Annual Report 2013
The state of the world's human rights

15 April 2013

Conviction of Turkish pianist sends 'chilling' warning to Twitter users

Conviction of Turkish pianist sends 'chilling' warning to Twitter users
Pianist Fazil Say faces jail if he is found guilty of the same offence within the next five years

Pianist Fazil Say faces jail if he is found guilty of the same offence within the next five years

© Fazil Say


This case sends a chilling warning to anyone using Twitter or other social media in Turkey. Namely, that if you express an opinion the authorities don't like, you could be next.
Source: 
Amnesty International's Andrew Gardner

The conviction of a renowned Turkish pianist for 'denigrating Islam' on Twitter sends a "chilling" message to social media users in the country, Amnesty International said today.

Fazil Say, who has played in some of the world's leading orchestras, was today given a 10-month suspended sentence for posting tweets mocking religious individuals and Islamic conceptions of heaven in April 2012.

"The conviction of Fazil Say is a flagrant violation of his freedom of expression, made possible by one of Turkey's most draconian laws," said Andrew Gardner, Amnesty International’s expert on Turkey.

"This case sends a chilling warning to anyone using Twitter or other social media in Turkey. Namely, that if you express an opinion the authorities don't like, you could be next."

Charges against Say cited nine tweets on his account, including a re-tweet saying: "I am not sure if you have noticed, but where there's a louse, a non-entity, a lowlife, a thief or a fool, they are all Islamists. Is this a paradox?"

A package of reforms passed on 12 April by Turkey's Parliament – called the 'fourth judicial package' – failed to overhaul the county’s outdated and restrictive laws curtailing freedom of expression.

Say, who has played with the New York Philharmonic, the Berlin Symphony Orchestra and others, said he was "saddened" by the verdict.

"I am very disappointed for freedom of expression. The fact that I have been convicted despite not having committed a crime is more worrying for the right to freedom of expression and belief in Turkey than it is for me personally," the pianist reportedly told Turkish media today.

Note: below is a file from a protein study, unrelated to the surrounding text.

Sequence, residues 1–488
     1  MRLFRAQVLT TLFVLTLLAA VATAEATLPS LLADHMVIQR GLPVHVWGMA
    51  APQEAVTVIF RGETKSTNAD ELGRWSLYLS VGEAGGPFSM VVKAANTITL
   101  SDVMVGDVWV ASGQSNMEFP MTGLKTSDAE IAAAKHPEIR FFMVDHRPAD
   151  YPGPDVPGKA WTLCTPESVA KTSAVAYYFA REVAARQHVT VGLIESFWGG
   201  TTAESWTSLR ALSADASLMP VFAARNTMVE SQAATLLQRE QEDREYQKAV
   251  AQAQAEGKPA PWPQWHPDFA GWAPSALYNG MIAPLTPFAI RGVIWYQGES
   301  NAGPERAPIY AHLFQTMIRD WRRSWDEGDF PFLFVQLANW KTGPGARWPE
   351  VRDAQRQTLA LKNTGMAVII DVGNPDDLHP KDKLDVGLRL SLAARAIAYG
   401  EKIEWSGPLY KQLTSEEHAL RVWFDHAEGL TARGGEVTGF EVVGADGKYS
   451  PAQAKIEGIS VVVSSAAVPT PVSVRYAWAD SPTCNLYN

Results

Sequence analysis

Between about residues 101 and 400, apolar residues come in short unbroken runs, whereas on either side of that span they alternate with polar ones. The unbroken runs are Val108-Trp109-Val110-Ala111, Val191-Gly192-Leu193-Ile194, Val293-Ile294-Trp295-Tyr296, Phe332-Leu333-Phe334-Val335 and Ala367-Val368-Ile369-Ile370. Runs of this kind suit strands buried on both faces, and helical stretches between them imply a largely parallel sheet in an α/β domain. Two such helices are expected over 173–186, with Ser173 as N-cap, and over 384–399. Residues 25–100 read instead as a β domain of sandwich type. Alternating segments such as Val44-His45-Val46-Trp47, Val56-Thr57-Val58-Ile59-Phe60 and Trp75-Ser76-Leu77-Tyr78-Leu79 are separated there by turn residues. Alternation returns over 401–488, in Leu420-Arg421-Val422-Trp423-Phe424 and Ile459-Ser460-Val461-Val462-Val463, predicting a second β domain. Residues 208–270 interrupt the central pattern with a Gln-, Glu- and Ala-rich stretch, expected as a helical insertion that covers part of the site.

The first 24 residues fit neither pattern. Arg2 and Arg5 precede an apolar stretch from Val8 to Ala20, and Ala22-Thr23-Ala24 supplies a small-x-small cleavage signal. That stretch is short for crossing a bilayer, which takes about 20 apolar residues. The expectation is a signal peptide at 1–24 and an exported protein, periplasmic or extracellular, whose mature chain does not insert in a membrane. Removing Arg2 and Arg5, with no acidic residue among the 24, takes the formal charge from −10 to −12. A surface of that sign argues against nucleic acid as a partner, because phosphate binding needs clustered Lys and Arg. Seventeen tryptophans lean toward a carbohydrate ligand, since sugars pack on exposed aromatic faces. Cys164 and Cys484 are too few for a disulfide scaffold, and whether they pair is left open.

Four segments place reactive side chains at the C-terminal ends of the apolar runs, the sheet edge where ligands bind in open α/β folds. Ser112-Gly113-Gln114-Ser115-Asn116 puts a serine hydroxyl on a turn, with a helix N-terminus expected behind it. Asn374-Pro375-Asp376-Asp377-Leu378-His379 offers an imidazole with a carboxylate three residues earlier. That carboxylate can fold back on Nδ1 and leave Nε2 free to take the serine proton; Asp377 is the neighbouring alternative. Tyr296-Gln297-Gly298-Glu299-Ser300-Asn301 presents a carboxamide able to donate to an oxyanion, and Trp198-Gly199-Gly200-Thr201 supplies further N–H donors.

By the terms of Say's sentence, he faces jail is he is found guilty of the same offence within the next five years.

"This conviction exposes the unjust Turkish laws that leave people vulnerable to a range of abuses - including jail - just for expressing an opinion," said Gardner.

“In failing to make the required reforms in the fourth judicial package, the government missed a great opportunity to bring Turkey’s laws in line with international human rights standards.

“The government must look again at its reform agenda and immediately abolish offences such as the one used to prosecute Fazil Say.”

Read More

Turkey: Time to remove the shackles on freedom (Report, 27 March 2013)

Issue

Freedom Of Expression 

Country

Turkey 

Region

Europe And Central Asia 

Follow #turkey @amnestyonline on twitter

News

21 August 2014

Children accused of being members of armed groups in the conflict in Mali are languishing in adult jails while human rights abuses continue.

Read more »
15 August 2014

The number of killings perpetrated by the police is on the rise again in the Dominican Republic whilst legislation intended to fix the problem stalls and stagnates in Congress... Read more »

29 August 2014

The execution of two men in Japan on Friday flies in the face of growing calls in the country to halt the use of capital punishment, said Amnesty International.

Read more »
29 August 2014

Russia’s official branding of a civil society organization as a “foreign agent”, an expression akin to “spying”, for speaking out on Ukraine is a sign of the country’s... Read more »

31 August 2014

Egypt is tightening its chokehold on civil society as the country’s independent NGOs face the risk of being shut down if they fail to comply with a compulsory requirement to... Read more »